6 C’s of Credit
When you apply for a mortgage you have to undergo a process of evaluation before you will be given an approval. The process called credit evaluation can take time and always involves an end, either an approval for the mortgage or a decline. If you are declined, you may be given alternative options such as private loans or a plan to help you to qualify in the future.
The lender’s credit evaluation involves 6 main areas:
1. Capacity: your cash flow to service the mortgage payments
When Lenders talk about ‘capacity,’ they are referring to your ability to manage the mortgage payment based on your proven household income as well as how much other debt you have. They consider your income, the nature of that income, length of time on the job or in business and whether or not you are able to prove that income. Non‐income Qualification (NIQ) mortgages are available where income does not have to be proven with traditional documentation but these types of loans are tough to qualify for. The lender will typically set higher standards in all other areas of qualification such as your credit rating and marketability of the property etc.
Types of Income: Establishing what your usable ‘qualifying income’ is for the purpose of financing can be challenging. It is crucial that you disclose the details of how you derive your income or incomes. The lenders have different documentation requirements for each of the following types:
- Self Employed ‐ Sole Proprietor, Partnership or Corporation
- Salary plus commission
- Part‐time employment
- Permanent or casual employment
- Tips / bonus income
- Contractual income
- Pension income
- Disability income (temporary or permanent)
- Taxable or non‐taxable income
- Spousal support
- Rental income
2. Credit: your ‘creditworthiness’ according to credit bureau reports
When you use credit, such as credit cards, car loans, lines of credit etc your repayment history is reported to the credit bureau. All Lenders refer to the credit report when considering your ‘creditworthiness’ before lending to you.
If you are late on making a payment it is reported for all future lenders to see. Length of time on the credit bureau, repayment history, and utilization (how close you are to the limits on your credit cards) are all taken into account.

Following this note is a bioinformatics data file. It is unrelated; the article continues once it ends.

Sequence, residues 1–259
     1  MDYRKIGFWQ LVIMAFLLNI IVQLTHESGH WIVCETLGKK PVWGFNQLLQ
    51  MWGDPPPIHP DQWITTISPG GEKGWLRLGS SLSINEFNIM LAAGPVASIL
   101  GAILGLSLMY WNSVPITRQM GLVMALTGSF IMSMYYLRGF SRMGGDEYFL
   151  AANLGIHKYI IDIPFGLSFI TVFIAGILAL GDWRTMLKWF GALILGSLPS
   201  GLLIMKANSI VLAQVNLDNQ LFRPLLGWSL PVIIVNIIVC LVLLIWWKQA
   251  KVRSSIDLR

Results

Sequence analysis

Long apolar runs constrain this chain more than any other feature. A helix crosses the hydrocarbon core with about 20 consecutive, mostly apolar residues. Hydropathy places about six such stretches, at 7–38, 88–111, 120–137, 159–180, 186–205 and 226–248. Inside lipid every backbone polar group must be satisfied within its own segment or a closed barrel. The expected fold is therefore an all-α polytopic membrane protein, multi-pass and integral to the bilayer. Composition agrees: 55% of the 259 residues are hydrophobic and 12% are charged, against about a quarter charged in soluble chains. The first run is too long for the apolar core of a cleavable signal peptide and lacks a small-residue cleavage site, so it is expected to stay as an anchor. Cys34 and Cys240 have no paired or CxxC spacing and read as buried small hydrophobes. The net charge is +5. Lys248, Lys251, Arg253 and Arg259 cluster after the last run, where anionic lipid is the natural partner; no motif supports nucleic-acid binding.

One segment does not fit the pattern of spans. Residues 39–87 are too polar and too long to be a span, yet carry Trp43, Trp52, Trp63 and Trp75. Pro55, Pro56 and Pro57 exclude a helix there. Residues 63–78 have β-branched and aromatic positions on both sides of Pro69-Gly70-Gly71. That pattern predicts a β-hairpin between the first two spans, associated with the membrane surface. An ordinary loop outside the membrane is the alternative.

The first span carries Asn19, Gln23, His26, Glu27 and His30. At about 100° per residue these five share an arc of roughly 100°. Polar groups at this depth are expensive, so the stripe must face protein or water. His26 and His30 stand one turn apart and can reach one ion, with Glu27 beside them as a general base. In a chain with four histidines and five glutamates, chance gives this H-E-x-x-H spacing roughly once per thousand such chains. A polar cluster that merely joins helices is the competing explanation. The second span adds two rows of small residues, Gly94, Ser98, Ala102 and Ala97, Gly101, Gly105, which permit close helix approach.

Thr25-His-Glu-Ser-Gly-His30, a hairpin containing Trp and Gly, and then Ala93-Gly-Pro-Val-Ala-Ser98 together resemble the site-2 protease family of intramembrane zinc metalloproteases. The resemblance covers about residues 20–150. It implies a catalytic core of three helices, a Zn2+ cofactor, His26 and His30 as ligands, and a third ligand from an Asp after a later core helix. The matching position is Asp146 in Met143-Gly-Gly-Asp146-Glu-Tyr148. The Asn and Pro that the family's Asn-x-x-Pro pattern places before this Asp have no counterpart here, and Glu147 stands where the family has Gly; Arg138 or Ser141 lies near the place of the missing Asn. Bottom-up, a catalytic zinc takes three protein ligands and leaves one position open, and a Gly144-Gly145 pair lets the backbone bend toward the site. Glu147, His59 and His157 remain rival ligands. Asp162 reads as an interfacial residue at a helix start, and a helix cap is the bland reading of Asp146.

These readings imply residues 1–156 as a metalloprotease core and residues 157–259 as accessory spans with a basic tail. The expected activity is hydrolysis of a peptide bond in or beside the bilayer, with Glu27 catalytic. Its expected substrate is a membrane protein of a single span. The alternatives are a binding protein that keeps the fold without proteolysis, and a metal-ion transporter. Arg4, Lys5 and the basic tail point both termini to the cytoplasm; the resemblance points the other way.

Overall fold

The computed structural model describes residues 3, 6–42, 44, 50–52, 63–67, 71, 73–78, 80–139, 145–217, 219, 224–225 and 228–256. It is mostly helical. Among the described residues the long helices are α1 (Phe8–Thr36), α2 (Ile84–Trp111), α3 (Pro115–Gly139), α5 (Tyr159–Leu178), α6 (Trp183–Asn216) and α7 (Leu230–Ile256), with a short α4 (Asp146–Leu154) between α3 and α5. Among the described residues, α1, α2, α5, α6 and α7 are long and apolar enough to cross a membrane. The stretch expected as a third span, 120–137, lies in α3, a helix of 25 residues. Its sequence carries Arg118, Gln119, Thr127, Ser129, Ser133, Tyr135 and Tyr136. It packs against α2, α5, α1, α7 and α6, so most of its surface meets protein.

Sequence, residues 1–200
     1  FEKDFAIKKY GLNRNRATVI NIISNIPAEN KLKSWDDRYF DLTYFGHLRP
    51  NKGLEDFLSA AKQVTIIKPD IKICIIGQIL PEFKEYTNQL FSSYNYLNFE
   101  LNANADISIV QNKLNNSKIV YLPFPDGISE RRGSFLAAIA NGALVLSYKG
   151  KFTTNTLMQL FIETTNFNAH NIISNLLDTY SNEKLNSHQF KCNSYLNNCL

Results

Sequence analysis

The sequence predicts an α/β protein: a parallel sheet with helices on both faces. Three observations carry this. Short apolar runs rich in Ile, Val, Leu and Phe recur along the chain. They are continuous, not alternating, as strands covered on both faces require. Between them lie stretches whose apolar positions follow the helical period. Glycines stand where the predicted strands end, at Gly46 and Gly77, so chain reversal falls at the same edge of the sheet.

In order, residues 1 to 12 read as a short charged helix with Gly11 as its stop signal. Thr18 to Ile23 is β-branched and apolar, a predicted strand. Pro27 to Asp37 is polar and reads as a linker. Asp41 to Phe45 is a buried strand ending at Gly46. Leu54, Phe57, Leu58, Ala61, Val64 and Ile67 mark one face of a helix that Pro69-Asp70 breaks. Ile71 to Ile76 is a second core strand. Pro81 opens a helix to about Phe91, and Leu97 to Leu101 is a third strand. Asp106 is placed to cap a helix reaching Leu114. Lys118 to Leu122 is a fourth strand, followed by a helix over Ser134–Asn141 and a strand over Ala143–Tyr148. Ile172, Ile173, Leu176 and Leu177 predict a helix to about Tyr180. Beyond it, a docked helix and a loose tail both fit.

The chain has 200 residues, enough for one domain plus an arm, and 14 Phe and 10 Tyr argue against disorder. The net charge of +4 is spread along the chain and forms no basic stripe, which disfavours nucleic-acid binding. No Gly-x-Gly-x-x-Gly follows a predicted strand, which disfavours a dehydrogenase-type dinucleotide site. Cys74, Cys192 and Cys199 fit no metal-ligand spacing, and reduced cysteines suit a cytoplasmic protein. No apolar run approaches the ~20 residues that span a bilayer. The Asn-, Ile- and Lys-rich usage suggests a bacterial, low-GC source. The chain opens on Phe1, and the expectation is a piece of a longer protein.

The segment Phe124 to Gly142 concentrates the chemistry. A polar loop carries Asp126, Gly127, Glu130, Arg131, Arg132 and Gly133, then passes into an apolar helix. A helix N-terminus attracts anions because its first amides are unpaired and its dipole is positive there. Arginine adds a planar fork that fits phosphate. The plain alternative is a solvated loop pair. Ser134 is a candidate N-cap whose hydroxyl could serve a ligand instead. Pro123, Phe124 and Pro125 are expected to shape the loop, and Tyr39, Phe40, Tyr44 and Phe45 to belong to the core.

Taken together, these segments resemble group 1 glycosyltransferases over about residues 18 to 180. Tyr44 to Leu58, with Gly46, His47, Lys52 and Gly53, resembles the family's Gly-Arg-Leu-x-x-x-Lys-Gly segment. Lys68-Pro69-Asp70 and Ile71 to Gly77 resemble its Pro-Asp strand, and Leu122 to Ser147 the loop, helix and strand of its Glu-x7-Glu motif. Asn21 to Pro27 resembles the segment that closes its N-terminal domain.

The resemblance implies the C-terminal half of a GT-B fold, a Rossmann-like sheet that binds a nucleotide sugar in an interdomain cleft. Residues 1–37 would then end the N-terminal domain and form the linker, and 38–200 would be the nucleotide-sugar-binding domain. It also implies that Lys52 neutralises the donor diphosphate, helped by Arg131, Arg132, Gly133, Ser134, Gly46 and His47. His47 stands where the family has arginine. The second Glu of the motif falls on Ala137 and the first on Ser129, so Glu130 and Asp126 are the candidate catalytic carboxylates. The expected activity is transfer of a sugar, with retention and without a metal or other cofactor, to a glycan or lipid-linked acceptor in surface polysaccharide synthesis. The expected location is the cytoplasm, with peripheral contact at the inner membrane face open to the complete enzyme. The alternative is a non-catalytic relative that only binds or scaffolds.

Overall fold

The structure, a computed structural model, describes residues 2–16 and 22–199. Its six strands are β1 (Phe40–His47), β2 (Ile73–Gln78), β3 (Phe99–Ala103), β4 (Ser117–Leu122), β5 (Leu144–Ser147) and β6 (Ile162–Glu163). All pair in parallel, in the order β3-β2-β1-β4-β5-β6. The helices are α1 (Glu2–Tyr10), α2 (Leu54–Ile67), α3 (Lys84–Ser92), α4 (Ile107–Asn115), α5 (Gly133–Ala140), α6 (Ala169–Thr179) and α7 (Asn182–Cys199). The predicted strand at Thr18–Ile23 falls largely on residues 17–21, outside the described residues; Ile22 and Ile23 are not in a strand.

Your credit file is rated with a ‘fluctuating’ numeric score between 300 and 900, known as a beacon score. It is predictive of your credit worthiness at a particular point in time. The higher your score the more likely you are to be approved for a mortgage and the more likely you will be offered lower rates.
3. Capital: Assets – Debts = Net Worth
Capital refers to your personal net worth and how much equity you have in the property.
Net Worth: Your net worth is the value of your assets less any debts that you have. Lenders look at your net worth to determine your spending habits. Those applicants with a low or negative net worth may be turned down for mortgage financing even though their debt service ratios are in line.
Equity In The Property: Equity is the difference between the current market value of your home and all outstanding mortgages against the property. The larger your down payment the less the risk for the lender.
4. Collateral: the real estate asset used to secure the debt
Collateral reflects the strength of the property itself. An owner occupied, single family residence on a standard city lot in a major metropolitan area is considered low risk to a lender. As a property moves further from that description the risk is increased. A condominium, a rental property, a property in a more rural location or acreage would all be examples of properties that would be higher risk for a lender, primarily due to marketability.
5. Conditions: of the borrower and the overall economy
Conditions describe the intended purpose of the mortgage loan. Is the mortgage being used to purchase an owner occupied home, a rental property or as an investment that will be flipped for a potential profit, etc. All of these conditions influence the risk for the lender.
The lender will also consider local, national and global economic conditions and the overall climate, in the real estate market that could affect the value and marketability of the property.
6. Character: integrity and overall risk
Lenders do not know you personally and therefore rely on the information you have provided on your mortgage application and your documentation. Character is the most subjective rating but reflects a combination of many factors:
- Declared income versus borrower’s accumulated savings
- Declared income versus employment type
- Length of employment versus borrower’s age
- Has the person declared bankruptcy in the past?
- Does the person have a good credit record?
- Does he/she have a stable job?
- What is the level of education/experience?
- What is the person earning and what is the earning potential?